ONE of the highlights for Antonius Subia during his recent pilgrimage to the British Museum was a "surprise Antinous" he had not expected to see.
It was a small replica of the life-size statue of Antinous as Castor and Pollux called the ILDEFONSO GROUP at the Prado in Spain.
"I was taken by surprise to find this," Antonius Subia says.
"It was the first time I've seen it … even if only a copy … it's a glimpse of what the real thing must be like in Spain."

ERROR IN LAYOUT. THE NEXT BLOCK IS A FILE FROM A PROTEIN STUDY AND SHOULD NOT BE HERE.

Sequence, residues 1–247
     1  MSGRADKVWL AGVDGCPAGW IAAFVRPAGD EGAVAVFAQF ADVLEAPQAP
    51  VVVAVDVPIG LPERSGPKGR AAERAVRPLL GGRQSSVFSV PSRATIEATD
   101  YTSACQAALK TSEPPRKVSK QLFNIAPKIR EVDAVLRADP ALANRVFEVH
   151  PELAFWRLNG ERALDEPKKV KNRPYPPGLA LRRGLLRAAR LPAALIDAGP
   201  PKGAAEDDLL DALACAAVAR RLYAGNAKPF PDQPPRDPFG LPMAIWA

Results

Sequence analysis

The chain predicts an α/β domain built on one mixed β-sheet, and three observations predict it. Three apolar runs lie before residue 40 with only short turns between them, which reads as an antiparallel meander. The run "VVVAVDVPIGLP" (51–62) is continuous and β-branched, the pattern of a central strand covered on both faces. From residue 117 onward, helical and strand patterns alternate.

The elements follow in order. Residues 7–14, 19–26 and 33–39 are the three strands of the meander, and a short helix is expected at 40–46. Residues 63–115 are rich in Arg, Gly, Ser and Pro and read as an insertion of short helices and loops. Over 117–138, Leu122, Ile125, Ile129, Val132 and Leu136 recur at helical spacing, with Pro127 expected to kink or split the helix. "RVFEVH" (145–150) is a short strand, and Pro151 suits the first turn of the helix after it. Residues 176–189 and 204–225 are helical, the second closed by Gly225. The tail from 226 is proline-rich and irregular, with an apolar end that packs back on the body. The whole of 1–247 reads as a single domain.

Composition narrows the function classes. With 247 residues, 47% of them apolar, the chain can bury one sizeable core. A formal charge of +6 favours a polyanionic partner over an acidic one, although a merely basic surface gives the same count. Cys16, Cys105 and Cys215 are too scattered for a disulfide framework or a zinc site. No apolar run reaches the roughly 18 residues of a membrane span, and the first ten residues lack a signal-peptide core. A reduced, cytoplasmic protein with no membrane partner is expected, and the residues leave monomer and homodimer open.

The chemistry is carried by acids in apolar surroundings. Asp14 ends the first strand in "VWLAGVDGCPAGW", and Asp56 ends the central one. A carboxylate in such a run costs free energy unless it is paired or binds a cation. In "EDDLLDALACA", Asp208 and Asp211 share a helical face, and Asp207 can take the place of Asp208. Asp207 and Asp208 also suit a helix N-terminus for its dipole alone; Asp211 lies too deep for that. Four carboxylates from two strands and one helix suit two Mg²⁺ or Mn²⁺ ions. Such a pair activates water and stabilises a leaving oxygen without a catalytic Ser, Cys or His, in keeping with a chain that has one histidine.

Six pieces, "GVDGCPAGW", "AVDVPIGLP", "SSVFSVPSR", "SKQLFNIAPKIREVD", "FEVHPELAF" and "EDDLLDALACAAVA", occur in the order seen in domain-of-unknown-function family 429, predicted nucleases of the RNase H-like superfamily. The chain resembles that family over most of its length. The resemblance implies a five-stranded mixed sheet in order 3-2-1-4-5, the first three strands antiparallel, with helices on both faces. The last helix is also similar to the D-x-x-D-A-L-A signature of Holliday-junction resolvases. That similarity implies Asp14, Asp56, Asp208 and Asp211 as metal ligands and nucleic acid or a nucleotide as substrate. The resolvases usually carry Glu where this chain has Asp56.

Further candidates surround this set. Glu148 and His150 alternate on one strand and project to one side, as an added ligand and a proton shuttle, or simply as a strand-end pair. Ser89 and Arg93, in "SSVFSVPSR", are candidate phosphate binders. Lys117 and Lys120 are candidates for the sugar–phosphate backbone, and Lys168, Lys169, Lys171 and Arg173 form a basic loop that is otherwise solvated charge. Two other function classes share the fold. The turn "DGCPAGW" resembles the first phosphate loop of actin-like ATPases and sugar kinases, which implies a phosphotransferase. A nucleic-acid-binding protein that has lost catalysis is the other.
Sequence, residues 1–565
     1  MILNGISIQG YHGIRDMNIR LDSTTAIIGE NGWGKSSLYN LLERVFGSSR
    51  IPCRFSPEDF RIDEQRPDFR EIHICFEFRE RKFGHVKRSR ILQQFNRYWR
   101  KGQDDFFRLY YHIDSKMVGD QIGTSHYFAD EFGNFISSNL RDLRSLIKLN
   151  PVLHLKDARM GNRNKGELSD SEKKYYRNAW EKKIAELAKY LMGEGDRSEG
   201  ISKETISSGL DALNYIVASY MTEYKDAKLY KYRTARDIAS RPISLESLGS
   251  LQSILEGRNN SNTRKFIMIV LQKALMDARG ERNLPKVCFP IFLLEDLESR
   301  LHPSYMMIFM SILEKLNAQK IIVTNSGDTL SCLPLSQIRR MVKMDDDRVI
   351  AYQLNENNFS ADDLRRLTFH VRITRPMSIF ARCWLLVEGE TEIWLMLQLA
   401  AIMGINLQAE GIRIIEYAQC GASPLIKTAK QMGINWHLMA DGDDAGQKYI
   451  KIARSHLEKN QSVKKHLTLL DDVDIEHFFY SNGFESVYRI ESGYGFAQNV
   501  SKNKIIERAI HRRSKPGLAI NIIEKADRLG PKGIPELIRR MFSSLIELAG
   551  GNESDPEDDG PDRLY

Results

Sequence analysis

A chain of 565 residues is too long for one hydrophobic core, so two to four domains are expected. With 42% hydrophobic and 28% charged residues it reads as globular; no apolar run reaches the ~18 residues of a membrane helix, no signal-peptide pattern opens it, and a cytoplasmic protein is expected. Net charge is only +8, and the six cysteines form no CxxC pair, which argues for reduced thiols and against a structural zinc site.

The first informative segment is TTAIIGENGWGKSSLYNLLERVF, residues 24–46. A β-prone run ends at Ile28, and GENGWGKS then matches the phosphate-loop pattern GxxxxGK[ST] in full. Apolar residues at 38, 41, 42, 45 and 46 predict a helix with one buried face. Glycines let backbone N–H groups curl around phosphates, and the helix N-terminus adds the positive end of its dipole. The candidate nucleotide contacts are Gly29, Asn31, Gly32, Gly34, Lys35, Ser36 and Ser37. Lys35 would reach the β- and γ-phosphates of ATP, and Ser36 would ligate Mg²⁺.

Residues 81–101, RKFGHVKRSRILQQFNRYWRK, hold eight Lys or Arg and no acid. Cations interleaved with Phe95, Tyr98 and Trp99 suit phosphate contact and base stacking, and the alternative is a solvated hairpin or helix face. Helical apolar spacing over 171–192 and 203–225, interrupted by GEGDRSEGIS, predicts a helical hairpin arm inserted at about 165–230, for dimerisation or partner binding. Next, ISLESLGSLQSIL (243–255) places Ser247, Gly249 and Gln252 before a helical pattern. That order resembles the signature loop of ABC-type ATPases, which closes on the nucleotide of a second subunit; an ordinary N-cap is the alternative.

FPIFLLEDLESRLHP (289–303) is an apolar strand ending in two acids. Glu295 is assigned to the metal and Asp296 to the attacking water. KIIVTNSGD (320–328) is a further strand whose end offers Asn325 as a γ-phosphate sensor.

Despite the head of Antinous the Gay God from another statue (left), the group is now accepted as Castor and Pollux, offering a sacrifice to Persephone.
Such an identification is based on the right-hand figure, who holds two torches, one downturned (on a flower-wreathed altar) and one upturned (behind his back), and on identifying the woman's sphere as an egg (like that from which the Dioscuri were born).
Antinous Ildefonso Castor and Pollux statue ... Museo Nacional del Prado.
Antonius took these images from all sides: